I first saw this movie when I was like 10 or 11 years old. I've looked forward to seeing it every Christmas since. It's simply a movie that we can all relate to, if only for the anticipation of receiving that one special gift on Christmas morning. The humor is plentiful in this classic; Jean Shepherd knows how to expose how everyday events can be funny. There is a certain innocence in the film, probably due to the fact that it's being told from the viewpoint of a 9 year old boy in 1940s Middle America. Every one of the cast performed well in my opinion, the movie feels older than it is (only 20 years old as of this year). To sum things up, I can watch this movie numerous times during the holiday season (just got my yearly mega-dose, thanks to TNT), and I can honestly say that it never gets old. I'm even thinking of getting the DVD version sometime in the next year, that's how good a movie this is. Basically, if you want a good laugh-out-loud slice of Americana, you can't go wrong with "A Christmas Story."
When I saw all the trash talk crap that some people wrote about in their reviews about this movie, I HAD to disagree. This movie is awesome in my opinion. And no, it did NOT make me want to go out and do 140+ MPH in my car after seeing the movie. There are good performances in this movie. This was the first time I'd seen Vin Diesel in a film, and I think this guy is going to be HUGE. Paul Walker isn't bad either, but Vin Diesel stole the show here. The cars were great too, plenty of nitrous-powered, fuel-injected insanity for gear heads (and wannabe gear heads) everywhere. The addition of that black Dodge Charger (!!) just made things that much sweeter. To tell you the truth, I had wanted to see this pretty much ever since it first came out but never had; it was a car-loving ex-girlfriend who finally convinced me to see it a couple years ago. I've since gotten the DVD myself, and intend to watch it again in the next few days. Overall, a great movie with great action, fast cars (even if they ARE rice burners!), a great storyline, and good characters. Don't listen to the trash talkers, see this movie and form your own opinion!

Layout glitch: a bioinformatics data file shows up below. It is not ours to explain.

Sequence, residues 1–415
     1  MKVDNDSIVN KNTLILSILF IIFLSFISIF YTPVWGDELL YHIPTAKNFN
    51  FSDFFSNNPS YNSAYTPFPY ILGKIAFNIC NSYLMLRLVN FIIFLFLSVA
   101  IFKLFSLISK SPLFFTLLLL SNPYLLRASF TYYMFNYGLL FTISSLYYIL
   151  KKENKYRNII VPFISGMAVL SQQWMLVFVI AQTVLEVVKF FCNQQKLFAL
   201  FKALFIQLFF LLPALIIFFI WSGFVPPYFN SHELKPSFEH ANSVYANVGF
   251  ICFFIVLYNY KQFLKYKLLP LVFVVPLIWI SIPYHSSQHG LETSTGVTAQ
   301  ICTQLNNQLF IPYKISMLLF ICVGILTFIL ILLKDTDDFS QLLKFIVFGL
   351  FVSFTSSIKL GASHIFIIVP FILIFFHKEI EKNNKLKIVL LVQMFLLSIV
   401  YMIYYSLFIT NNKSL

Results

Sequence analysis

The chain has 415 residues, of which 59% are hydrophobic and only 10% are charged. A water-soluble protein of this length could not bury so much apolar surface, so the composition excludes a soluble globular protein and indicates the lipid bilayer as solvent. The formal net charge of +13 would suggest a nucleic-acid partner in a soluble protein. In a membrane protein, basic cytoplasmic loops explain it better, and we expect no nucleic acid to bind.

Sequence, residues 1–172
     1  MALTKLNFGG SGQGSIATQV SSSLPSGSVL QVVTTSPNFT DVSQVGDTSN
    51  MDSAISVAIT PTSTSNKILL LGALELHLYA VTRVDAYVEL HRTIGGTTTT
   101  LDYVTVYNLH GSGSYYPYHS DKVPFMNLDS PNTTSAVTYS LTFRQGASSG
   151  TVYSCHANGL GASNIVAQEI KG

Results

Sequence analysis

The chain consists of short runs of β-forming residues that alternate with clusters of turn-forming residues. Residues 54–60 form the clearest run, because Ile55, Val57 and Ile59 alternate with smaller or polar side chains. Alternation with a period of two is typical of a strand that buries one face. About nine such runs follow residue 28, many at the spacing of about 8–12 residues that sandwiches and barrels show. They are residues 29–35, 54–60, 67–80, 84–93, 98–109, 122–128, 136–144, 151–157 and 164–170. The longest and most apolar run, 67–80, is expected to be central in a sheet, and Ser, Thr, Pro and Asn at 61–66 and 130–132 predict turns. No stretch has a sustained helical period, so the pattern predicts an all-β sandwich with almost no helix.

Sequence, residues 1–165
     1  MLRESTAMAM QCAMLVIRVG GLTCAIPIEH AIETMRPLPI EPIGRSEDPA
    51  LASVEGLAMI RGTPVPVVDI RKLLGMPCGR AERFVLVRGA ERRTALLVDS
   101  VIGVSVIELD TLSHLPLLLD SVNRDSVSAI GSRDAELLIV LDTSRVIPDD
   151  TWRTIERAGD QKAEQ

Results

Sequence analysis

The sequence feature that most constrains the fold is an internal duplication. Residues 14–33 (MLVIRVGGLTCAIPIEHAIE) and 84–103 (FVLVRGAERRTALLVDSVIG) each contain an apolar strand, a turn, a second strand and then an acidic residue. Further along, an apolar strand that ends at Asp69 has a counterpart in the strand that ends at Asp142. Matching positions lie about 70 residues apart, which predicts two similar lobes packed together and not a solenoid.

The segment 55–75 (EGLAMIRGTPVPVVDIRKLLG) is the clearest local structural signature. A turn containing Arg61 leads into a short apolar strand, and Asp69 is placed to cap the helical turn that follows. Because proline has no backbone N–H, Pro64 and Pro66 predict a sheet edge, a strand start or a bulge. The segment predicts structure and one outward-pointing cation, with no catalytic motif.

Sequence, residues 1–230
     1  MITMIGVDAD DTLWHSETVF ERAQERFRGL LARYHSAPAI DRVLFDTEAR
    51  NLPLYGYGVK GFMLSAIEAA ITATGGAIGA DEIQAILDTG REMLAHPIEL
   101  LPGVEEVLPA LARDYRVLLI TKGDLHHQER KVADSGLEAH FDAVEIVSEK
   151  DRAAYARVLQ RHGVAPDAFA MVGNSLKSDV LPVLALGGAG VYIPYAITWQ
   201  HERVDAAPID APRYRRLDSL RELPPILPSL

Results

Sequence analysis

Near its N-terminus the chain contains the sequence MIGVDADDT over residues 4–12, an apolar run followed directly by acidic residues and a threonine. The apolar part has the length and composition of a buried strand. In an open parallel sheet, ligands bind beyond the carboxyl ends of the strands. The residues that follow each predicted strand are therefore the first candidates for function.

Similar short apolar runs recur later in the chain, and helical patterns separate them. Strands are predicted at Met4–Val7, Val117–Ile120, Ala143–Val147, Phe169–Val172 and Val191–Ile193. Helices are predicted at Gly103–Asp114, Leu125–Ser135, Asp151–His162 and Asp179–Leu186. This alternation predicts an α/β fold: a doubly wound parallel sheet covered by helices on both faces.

*** This review may contain spoilers ***
...The song playing in the background at the beginning of the movie, where Paul Hood and his roommate are passing the bong at the boarding school? It's "Dirty Love" by Frank Zappa. What a subtle hint as to the flavor of this movie! At the same time, it makes perfect sense in context, what with Ben Hood and Janie Carver in bed together, Mikey Carver and Wendy Hood making out and later being caught with Mikey's pants down in the basement, Wendy and Sandy Carver in bed together, the key party, Paul Hood with Libbet's head in his lap at her house, and that pathetic scene where Jim Carver screws Elena Hood in his car. The whole movie almost reeks of "dirty love." This having been said, it's a very good movie, in my opinion. But prepare to be shocked, and not just at the ending.